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Agile Usability

by Mark Levison on Nov 20, 2008 |

Jakob Nielsen, usability guru and author of Usability Engineering, raises the concern that Agile methods are a threat to traditional approaches to designing usability. He says that Agile’s greatest threat to usability is that “it's a method proposed by programmers and mainly addresses the implementation side of system development”. Alistair Cockburn counters that this claim just isn’t true:

  1. It doesn’t matter who proposed a good idea, only whether the idea is good.
  2. This sets up an “us versus them” split in the community instead of an “us plus them” coming together.
  3. Unlike the other threats Nielsen names, he doesn’t offer a solution, so he leaves us with his “us versus them” unsolvable problem, which is unacceptable.

Proposed solution: Just use good ideas – don’t worry about where they come from. As Kurt Morris posted on the agile usability list, “It’s amazing what can get accomplished once you get past the artificial “us v them” mentality.”

Nielsen goes on to raise the issue that the Agile habit of breaking the stories down into smaller tasks threatens to obscure the total user experience, allowing features to be developed in an inconsistent manner. At its worst, he says: “the user interface can end up resembling a patchwork.”. Nielsen’s solution:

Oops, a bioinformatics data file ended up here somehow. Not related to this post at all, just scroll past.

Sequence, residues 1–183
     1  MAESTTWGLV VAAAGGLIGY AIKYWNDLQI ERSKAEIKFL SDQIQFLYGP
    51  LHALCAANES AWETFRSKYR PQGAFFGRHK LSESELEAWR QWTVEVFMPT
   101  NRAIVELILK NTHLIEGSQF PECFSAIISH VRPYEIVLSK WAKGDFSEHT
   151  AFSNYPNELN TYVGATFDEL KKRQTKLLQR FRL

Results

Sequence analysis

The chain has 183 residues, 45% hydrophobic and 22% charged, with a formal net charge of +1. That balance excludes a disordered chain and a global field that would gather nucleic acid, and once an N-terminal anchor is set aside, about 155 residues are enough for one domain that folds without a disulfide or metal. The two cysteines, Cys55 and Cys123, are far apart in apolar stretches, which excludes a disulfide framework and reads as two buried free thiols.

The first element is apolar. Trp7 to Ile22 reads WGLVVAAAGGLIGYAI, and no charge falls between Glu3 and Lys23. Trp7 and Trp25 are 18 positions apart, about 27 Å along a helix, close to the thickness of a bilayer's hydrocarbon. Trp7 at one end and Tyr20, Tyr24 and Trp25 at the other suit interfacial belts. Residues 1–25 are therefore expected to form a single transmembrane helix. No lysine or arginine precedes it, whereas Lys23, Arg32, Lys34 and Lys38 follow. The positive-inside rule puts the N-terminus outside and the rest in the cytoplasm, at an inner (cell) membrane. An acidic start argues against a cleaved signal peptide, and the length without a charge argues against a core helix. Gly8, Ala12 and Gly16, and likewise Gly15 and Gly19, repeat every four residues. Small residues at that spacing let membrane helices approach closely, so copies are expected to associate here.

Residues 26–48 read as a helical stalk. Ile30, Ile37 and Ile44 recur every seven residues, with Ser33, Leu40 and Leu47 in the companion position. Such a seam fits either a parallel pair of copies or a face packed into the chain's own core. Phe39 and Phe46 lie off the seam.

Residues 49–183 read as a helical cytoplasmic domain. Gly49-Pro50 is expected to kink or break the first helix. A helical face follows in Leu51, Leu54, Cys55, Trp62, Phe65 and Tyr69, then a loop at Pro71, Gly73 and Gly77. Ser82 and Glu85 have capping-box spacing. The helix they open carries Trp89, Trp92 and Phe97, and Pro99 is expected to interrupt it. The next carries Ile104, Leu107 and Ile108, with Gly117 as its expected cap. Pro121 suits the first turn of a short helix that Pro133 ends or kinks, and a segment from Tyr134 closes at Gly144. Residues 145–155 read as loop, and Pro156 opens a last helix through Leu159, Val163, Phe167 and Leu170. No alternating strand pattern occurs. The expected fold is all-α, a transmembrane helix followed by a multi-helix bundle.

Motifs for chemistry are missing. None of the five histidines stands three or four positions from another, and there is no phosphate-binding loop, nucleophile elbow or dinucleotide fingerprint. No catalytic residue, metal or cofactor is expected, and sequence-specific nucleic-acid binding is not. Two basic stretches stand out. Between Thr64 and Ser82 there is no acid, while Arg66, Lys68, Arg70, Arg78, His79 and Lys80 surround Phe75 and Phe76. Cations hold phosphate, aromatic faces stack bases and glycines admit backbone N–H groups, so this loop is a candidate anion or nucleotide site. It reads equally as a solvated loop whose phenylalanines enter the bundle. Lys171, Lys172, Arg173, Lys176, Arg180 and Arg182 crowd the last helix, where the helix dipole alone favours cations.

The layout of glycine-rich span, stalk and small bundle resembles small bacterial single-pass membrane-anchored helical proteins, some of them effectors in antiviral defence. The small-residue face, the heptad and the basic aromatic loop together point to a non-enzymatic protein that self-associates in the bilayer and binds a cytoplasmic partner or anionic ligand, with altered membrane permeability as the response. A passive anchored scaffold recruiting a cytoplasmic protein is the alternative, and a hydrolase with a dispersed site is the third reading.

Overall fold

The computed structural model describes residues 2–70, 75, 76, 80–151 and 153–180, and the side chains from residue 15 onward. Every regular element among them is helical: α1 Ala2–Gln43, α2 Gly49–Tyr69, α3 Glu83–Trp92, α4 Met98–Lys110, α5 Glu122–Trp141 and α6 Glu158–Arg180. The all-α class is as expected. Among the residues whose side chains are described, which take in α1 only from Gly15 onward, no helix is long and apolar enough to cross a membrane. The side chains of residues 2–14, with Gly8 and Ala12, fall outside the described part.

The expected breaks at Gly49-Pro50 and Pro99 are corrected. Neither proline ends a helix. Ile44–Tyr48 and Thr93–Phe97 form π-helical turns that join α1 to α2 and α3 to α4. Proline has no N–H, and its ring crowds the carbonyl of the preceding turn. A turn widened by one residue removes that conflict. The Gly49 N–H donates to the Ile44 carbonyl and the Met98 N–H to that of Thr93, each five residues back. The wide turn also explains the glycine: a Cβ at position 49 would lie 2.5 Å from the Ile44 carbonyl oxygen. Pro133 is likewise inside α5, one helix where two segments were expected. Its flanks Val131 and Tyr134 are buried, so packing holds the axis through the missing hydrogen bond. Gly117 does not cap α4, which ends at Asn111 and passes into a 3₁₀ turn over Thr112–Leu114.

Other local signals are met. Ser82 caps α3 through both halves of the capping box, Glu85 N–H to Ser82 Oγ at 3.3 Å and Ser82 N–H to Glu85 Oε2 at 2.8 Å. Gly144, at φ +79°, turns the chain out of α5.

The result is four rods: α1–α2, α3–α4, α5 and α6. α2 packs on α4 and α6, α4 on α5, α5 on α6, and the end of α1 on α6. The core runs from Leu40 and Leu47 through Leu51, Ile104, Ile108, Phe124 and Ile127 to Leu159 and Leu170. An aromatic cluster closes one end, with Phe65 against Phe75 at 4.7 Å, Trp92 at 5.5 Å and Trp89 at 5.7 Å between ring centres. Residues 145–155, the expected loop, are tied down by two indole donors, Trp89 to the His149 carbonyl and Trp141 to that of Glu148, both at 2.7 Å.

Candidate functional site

• Perform Usability testing quickly and repeatedly. He says “Weekly tests are completely feasible and give you a surefire way to integrate several user feedback rounds within even the shortest sprint.”
  • Parallel Tracks allow the usability work to be done just one step ahead of the development work.
  • Use low fidelity prototypes (such as paper) that don’t require coding minimizing the time spent upfront.

Jeff Patton has distilled 12 usability best practices (echoing several of Nielsen’s):

  1. Drive: UX practitioners are part of the customer or product owner team
  2. Research, model, and design up front - but only just enough
  3. Chunk your design work
  4. Use parallel track development to work ahead, and follow behind
  5. Buy design time with complex engineering stories
  6. Cultivate a user validation group for use for continuous user validation
  7. Schedule continuous user research in a separate track from development
  8. Leverage user time for multiple activities
  9. Use RITE to iterate UI before development
  10. Prototype in low fidelity
  11. Treat prototype as specification
  12. Become a design facilitator

The RITE (pdf) method that Jeff describes comes from Microsoft’s Games Studio: “RITE differs from a “traditional” usability test by emphasizing extremely rapid changes and verification of the effectiveness of these changes.”. Specifically, practitioners make changes to the UI (prototype or application) as soon as the problem is found and the solution spotted. Changes such renaming buttons, changing the text of menu items often happen before another participant arrives. More complicated, but obvious changes are made as rapidly as possible. This way the change can be tested as quickly as possible.

In addition, Jeff finds his role has changed: “As I've begun to work within Agile teams, my approach has changed to favor collaborative design. More and more I find myself acting as facilitator to harvest and model information from large groups of people. I find myself working with groups of users and developers to write user scenarios, and sketch user interface design.”